Accordingly, the Court declines to preclude the evidence of arson at this juncture.
However, prior to the introduction of this evidence at trial, the Court will hear the government's proffer in this regard and will apply a Fed. R. Evid. 403 balancing to determine whether its probative value is substantially outweighed by the danger of unfair prejudice to defendant.
E. Preclusion of Defendant's Grand Jury Testimony
Defendant seeks an order precluding the introduction of his grand jury testimony in another investigation because, "upon information and belief", that testimony was given under a grant of immunity. According to the government, defendant did not testify under a grant of immunity, and was, in fact, reminded on the record that he was a target of the investigation. Moreover, pursuant to Fed. R. Evid. 801(d)(2)(A), the government furnished defendant with a copy of the grand jury testimony. Accordingly, unless defendant comes forward with proof that he testified pursuant to a grant of immunity, defendant's request in this regard is denied.
II. The Government's Motion
The government moves in limine for the admission pursuant to Fed. R. Evid. 404(b) of defendant's fraudulent claims to UPS in 1988 and 1989 and to Federal Express in 1989.
Federal Rule of Evidence 404(b) provides that prior act evidence "is not admissible to prove the character of a person in order to show action in conformity therewith", but may "be admissible for other purposes, such as proof of motive, opportunity, intent, preparation, plan, knowledge, identity or absence of mistake or accident." The Second Circuit follows an "'inclusionary approach'" to the rule. United States v. Brennan, 798 F.2d 581, 589 (2d Cir. 1986), cert. denied, 490 U.S. 1022, 104 L. Ed. 2d 187, 109 S. Ct. 1750 (1988) (citation omitted). This approach allows such evidence "'for any purpose other than to show a defendant's criminal propensity.'" United States v. Roldan-Zapata, 916 F.2d 795, 804 (2d Cir. 1990), cert, denied, 111 S. Ct. 1397, 113 L. Ed. 2d 453 (1991) (citation omitted).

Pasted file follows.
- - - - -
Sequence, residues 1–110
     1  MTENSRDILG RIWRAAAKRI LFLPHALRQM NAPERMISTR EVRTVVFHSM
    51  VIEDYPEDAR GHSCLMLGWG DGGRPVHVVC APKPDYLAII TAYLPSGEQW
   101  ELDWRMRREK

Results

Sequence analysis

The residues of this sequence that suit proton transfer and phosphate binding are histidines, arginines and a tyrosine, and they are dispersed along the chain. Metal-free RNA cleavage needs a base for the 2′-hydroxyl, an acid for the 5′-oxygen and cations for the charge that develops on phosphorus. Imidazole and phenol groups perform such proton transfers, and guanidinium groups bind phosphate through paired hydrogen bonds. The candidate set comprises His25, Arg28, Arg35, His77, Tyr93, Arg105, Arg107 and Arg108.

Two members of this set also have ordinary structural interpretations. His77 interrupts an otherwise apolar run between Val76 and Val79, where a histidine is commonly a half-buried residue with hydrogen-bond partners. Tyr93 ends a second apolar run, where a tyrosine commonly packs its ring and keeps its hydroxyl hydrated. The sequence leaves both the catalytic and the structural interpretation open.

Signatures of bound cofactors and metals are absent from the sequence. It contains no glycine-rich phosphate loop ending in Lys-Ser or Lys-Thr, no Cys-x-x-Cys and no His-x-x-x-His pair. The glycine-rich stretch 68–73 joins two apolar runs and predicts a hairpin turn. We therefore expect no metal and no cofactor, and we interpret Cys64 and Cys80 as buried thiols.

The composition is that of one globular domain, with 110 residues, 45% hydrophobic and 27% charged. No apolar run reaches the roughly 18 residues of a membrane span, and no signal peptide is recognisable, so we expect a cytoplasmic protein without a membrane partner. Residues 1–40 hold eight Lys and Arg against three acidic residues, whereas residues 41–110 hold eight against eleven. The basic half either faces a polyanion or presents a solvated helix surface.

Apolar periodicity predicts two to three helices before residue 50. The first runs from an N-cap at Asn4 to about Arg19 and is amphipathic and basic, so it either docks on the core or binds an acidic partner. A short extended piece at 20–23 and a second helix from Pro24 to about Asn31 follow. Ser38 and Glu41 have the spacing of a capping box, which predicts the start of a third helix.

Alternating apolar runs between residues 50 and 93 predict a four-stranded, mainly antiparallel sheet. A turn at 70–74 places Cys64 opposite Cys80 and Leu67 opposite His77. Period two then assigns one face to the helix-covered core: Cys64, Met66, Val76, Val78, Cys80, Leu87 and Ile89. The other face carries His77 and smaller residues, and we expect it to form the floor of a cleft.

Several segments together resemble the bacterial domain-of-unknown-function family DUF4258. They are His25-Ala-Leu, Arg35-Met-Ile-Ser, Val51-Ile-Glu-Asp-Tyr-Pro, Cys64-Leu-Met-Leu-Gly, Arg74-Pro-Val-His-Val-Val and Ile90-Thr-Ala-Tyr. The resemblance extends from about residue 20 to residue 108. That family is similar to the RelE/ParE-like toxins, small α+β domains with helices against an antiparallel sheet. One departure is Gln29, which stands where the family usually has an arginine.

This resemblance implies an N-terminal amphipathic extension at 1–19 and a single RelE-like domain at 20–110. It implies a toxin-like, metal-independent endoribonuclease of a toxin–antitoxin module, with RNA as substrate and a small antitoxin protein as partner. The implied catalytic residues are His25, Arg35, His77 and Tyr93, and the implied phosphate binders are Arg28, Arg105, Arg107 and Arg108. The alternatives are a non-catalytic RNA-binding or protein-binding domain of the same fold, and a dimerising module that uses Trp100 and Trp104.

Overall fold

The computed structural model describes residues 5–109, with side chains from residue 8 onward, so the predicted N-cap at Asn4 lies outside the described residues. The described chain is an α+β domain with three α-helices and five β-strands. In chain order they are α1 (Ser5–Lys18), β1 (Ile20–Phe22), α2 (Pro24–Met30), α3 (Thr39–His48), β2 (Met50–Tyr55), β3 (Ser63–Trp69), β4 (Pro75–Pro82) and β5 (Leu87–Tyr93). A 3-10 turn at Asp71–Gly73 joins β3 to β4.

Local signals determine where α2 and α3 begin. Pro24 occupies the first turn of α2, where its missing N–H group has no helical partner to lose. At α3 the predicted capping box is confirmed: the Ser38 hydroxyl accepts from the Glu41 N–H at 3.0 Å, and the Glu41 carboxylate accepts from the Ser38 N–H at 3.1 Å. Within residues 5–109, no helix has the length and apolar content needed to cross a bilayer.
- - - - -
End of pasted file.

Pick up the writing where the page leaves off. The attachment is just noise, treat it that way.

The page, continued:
The standards by which a district court is to assess the admissibility of other acts evidence under Rule 404(b) are well-established: the court must first determine if the evidence is offered for a proper purpose; if so, the court must decide whether it is relevant, and then whether its probative value is substantially outweighed by the danger of unfair prejudice. United States v. Gilan, 967 F.2d 776, 780 (2d Cir. 1992) (citing Huddleston v. United States, 485 U.S. 681, 691, 99 L. Ed. 2d 771, 108 S. Ct. 1496 (1998)). Upon request, the district court must give an appropriate limiting instruction to the jury. United States v. Padre, 960 F.2d 1112, 1119 (2d Cir. 1992); United States v. Colon, 880 F.2d 650, 656 (2d Cir. 1989)
Where a defendant's intent is clearly at issue, evidence of prior acts may be admissible to prove intent or knowledge. Padre, 960 F.2d at 1119; see United States v. Caputo, 808 F.2d 963, 968 (2d Cir. 1987) (citations omitted). The prior acts in this case are as follows: Between June of 1988 and November of 1989, defendant submitted five claims to UPS seeking reimbursement for videotapes allegedly placed with UPS for delivery but never received by the consignee. UPS paid the first three claims but declined to pay the last two after an investigation revealed that they were fraudulent. In late 1989, defendant and his partner in 94th Street Video, Inc., Thomas Brooksbank, made claims totalling approximately $ 120,000 to Federal Express for two allegedly lost shipments of videotapes. Federal Express settled the claims for $ 100,000, in spite of a recommendation by one of their investigators that the claims be denied because, for a variety of reasons, they did not appear to be valid.